Famously, one of the problems dooming the Comet was the square windows. But the contemporary Super Constellation also had square windows but I can't find any articles detailing similar problems to the Comet. What was the difference?


3 Answers 3


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The difference was in the cruise altitude of the two aeroplanes. The Super Connie was powered by piston engines and had a service ceiling of 25,700 ft, usually cruising at about 20,000ft as mentioned in this article about the Connie. The Comet cruised at an altitude of 42,000 - 45,000 ft, with its fuselage pressurised at equivalent altitude of 8,000 ft.

The much larger pressure differential at cruise altitude added up to fatigue cracks in the fuselage. Not necessarily at the window corners, as per the wiki:

…. the fuselage had ripped open at a bolt hole, forward of the forward left escape hatch cutout. The failure then occurred longitudinally along a fuselage stringer at the widest point of the fuselage (accident report Fig 7).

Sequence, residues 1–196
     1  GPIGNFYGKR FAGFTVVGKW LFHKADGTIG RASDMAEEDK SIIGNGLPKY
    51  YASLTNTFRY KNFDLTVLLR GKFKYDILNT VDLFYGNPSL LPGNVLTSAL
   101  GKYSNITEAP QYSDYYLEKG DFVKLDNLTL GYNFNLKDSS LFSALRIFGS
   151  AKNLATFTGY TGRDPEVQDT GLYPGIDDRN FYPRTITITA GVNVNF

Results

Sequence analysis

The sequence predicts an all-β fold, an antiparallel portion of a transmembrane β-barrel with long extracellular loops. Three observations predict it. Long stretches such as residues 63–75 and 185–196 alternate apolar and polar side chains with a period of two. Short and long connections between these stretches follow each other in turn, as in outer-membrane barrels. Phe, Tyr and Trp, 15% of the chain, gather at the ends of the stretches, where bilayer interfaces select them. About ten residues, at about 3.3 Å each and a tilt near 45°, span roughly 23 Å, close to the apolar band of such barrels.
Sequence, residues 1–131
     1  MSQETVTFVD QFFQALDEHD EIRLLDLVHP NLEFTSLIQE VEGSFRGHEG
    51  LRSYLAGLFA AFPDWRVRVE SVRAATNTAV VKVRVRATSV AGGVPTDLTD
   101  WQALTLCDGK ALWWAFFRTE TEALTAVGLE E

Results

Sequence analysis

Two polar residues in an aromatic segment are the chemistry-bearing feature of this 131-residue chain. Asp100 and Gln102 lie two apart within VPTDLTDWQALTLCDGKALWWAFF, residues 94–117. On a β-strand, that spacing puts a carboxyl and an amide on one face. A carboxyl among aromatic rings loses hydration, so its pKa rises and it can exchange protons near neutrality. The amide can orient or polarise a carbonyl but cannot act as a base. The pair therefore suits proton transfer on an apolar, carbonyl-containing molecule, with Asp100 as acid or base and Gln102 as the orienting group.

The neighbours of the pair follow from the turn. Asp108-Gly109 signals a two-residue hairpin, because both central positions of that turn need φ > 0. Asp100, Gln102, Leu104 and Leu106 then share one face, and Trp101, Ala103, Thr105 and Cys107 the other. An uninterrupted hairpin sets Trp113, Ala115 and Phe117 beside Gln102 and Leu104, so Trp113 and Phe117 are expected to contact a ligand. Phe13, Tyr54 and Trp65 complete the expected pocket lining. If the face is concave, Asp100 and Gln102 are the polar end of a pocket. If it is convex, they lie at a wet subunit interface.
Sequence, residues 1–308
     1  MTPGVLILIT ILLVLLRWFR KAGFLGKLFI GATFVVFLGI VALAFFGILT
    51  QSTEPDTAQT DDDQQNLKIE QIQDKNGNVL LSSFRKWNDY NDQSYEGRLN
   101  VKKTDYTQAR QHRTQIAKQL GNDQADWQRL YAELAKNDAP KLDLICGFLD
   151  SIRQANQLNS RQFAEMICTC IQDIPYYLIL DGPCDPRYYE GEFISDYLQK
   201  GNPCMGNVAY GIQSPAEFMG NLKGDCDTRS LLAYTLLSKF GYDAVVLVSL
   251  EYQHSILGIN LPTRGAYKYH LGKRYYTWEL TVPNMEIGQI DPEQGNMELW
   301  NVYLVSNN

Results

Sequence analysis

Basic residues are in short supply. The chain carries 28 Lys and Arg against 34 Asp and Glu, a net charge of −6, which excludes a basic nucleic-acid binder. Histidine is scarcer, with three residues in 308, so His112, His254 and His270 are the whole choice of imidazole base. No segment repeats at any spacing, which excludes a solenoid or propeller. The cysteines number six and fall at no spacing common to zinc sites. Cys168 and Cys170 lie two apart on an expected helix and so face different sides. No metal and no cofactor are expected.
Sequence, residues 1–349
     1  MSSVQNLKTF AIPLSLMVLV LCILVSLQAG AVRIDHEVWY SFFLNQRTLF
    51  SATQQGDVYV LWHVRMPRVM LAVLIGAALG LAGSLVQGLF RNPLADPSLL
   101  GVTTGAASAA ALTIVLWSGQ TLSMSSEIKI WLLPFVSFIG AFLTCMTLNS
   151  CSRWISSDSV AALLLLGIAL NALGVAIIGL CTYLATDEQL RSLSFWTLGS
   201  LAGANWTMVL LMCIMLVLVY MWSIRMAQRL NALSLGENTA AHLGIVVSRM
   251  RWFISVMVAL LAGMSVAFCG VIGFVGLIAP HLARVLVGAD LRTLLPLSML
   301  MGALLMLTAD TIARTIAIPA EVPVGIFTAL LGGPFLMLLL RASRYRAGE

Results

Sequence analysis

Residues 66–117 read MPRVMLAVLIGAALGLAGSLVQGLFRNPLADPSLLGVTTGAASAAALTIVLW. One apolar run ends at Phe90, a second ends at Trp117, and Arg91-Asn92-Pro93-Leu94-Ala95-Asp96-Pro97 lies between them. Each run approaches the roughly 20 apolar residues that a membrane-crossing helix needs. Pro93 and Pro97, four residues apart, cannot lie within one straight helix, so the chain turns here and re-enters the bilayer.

Reconstruction of one of the wrecks revealed a fatigue crack starting at a rivet hole, leading to a change in riveting practice on the Comets - no more punch riveting, the holes were drilled.

The Comet was the first airliner with jet engines, enabling it to cruise above the weather. But unfortunately it was also the first airliner to experience metal fatigue from repeated cycles of pressurisation.

  • $\begingroup$ They'd originally planned to glue the skin to the frame, but this was overruled, hence the original rivets. $\endgroup$
    – Jack Deeth
    Commented Feb 11, 2022 at 10:30
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    $\begingroup$ While the cracks on G-ALYP did start at a punched rivet hole, this hole was near the corner of a square window on top of the fuselage. Stress concentration there helped those cracks to grow most quickly. The Wiki report concerns G-ALYU which was tested later in a water tank. $\endgroup$ Commented Feb 11, 2022 at 12:11
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    $\begingroup$ Wait, the Comet was only pressurized to an altitude equivalent of 20,000 feet? How did people breathe and maintain consciousness? Don't modern regs require oxygen for unpressurized flights above 10k feet? $\endgroup$